Northern Poetry Review: Archived

Review: Surviving the Censor: The Unspoken Words of Osip Mandelstam

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Surviving the Censor: The Unspoken Words of Osip Mandelstam, by Rafi Aaron

Reviewed by Shane Neilsen


Initially, I was wary of this book. The title was a red flag; Who dares put words in Osip’s mouth? I thought. It is my own practise to write, on Christmas Eve, a poem to the dead Mandelstam, a practise I’ve made for the past five years. Never in one of those years did I think to be so bold as to put words in his mouth. I may have used his patronymic, I might have imagined an anecdote or two, but never did I actually presume to speak for Mandelstam. I would have felt it wrong on two counts: the dead don’t talk, unless a hidden letter or manuscript becomes available, and secondly I would have been digging myself a hole. After all, who can sing like Mandelstam, who can carry it off?

Mostly, though, I imagine Nadezdha Mandelstam, author of the memoirs Hope Against Hope and Hope Abandoned, clucking her possessive tongue at the very idea. I don’t want to make the same Aaronian mistake and presume to know what she would say, but I can’t help but imagine Nadezdha, who to some extent did survive the censor with two anti-totalitarian books, urging Aaron to develop his own voice as opposed to an attempt at ventriloquism.

But then I thought of Nadezdha’s beloved M. and his own practise of ventriloquism. For example, Mandelstam wrote “The Finder of a Horseshoe (A Pindaric fragment),” and it is no secret that Mandelstam’s guiding poetic influence was Dante. So, let Mandelstam be Aaron’s Dante, I say, and as a reviewer allow it to go no further than that.

Aaron’s first poem, “Let Us Begin at the End”, makes an interesting beginning of itself: it can be contrasted greatly with Mandelstam’s technique, which was densely lyrical, symbol-rich, stanzaic, and in the early going, allusive. Aaron’s poem is, by contrast, rather dream-like, typographical, and visual:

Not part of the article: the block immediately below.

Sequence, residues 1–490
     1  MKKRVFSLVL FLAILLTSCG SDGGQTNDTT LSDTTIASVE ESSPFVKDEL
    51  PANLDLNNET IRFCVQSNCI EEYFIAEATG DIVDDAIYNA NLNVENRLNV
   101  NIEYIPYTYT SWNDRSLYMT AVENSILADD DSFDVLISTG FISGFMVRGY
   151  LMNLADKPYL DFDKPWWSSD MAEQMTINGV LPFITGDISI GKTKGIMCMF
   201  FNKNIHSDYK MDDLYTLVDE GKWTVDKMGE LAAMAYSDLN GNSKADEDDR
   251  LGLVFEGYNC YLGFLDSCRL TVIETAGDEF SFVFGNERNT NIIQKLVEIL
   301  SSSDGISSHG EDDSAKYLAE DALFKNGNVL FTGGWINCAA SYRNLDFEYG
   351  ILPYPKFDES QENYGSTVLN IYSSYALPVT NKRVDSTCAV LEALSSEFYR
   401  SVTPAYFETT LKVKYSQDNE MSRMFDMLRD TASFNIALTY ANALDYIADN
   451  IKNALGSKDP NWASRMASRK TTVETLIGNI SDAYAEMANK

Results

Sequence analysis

his words fall

silently like rain in the middle of the night, the world is asleep

or not listening


the words tap on the dark glass or the dream and are heard

in the memory of a previous storm

they drop into tiny pools

Now, I think it is fair to ask the question: Is this indeed what Mandelstam would say, or rather is it how he would say it? The answer is obvious: No. Mandelstam’s lyrics were blessed and free from sentiment; you’d never catch Mandelstam ending a poem like this

singing and dancing

and as long as his lips move

and he can feel the words, the sharp words

the soft words and the words he will never use

then he is alive

Of course this is elegy, using the device of a dead poet pronouncing on his own death, and much in Mandelstam is elegiac (life and work), but this poem just serves as preliminary: here, Aaron says, are the soft words and words he will never use, I will give them to you. As a reviewer, I object to this appropriation on the grounds that the poem is not very good; it is another argument to say if poets should write poems like this, but when they do, they had better do it well. Where is the majesty of Mandelstam? The mysteriousness of his images? It seems to me that “soft words and words he will never use” are not unspeaking softly in this clunker poem, and it’s those “soft” words Aaron himself needs to pull the collection off, and so I read this poem more as an elegy to Aaron’s powers as a poet. Mandelstam, after all, was a master.

Perhaps the most egregious intrusion on Mandelstam’s memory is the idea of a prose poem. All of Mandelstam is antithetical to the idea, and Aaron’s standard use of the prose poem suggests a kind of game: here is an updated, modernized Mandelstam. Aaron’s prose bits (one can’t even call them Mandelstam lite, so utterly are they unlike the presiding poet) are atmospheric, but they are unburdened of image. It’s hard for me to sit through snippets like the following:

His voice rose from somewhere, from a gorge or a

canyon, a lost year or a forgotten photograph. So soft, so

powerful, a whisper commanded me to follow him. And

so I travelled close to his words wearing the white sea

on my tongue. I reached the mountains or the coastal

plains, it made no difference, the night curled its lips

and spoke of darkness, and still waters dreamt of waves.

unless I’m sitting on my hands, wondering about the botching of a reputation. This is portentous and vague; Mandelstam faced down the century with lyric, and here he is served up gooey and prosy. And it’s not a case of like attracting unlike; I wouldn’t forgive this poem in a different collection under different pretences. “And so” in a poem? There is the occasional sop to poetry “white sea on my tongue,” but it’s abandoned later — indeed makes “no difference”– when we conjure up the dark speaking of darkness, the still water, etc. There are many prose poems like this, lyrically lax with overdone foreboding. Consider the similarly lighting-obsessed “What Mandelstam Meant To Russians During the Stalin Years”:

Now imagine during this period the smallest of

flames is somehow flickering outside your window. It

has the strength of the morning sun breaking through

your shutters, It is all that separates you from the

darkness of the day and the darkness of the night. You

spend your life by this flame and melt into its glow. After

many hours or days or months you believe you can train

the flame to leap higher on the walls…